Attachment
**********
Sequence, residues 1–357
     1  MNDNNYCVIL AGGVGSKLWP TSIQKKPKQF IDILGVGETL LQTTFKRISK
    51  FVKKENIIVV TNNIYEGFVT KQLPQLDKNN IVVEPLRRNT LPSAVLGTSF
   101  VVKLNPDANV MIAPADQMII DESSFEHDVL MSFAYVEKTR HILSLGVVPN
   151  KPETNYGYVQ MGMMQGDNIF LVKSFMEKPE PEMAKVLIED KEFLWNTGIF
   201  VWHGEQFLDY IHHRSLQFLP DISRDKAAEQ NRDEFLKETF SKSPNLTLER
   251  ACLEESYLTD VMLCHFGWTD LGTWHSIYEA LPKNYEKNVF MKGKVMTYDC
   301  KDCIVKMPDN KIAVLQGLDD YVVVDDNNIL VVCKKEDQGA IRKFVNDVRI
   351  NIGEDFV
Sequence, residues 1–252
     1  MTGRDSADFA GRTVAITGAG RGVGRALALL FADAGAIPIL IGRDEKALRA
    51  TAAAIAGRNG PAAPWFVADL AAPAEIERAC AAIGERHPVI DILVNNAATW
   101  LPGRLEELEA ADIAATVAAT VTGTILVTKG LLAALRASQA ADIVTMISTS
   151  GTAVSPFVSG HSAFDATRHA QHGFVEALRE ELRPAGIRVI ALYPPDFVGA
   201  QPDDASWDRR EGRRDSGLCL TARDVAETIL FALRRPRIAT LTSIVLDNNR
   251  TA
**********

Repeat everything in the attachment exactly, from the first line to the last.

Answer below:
Sequence, residues 1–357
     1  MNDNNYCVIL AGGVGSKLWP TSIQKKPKQF IDILGVGETL LQTTFKRISK
    51  FVKKENIIVV TNNIYEGFVT KQLPQLDKNN IVVEPLRRNT LPSAVLGTSF
   101  VVKLNPDANV MIAPADQMII DESSFEHDVL MSFAYVEKTR HILSLGVVPN
   151  KPETNYGYVQ MGMMQGDNIF LVKSFMEKPE PEMAKVLIED KEFLWNTGIF
   201  VWHGEQFLDY IHHRSLQFLP DISRDKAAEQ NRDEFLKETF SKSPNLTLER
   251  ACLEESYLTD VMLCHFGWTD LGTWHSIYEA LPKNYEKNVF MKGKVMTYDC
   301  KDCIVKMPDN KIAVLQGLDD YVVVDDNNIL VVCKKEDQGA IRKFVNDVRI
   351  NIGEDFV
Sequence, residues 1–252
     1  MTGRDSADFA GRTVAITGAG RGVGRALALL FADAGAIPIL IGRDEKALRA
    51  TAAAIAGRNG PAAPWFVADL AAPAEIERAC AAIGERHPVI DILVNNAATW
   101  LPGRLEELEA ADIAATVAAT VTGTILVTKG LLAALRASQA ADIVTMISTS
   151  GTAVSPFVSG HSAFDATRHA QHGFVEALRE ELRPAGIRVI ALYPPDFVGA
   201  QPDDASWDRR EGRRDSGLCL TARDVAETIL FALRRPRIAT LTSIVLDNNR
   251  TA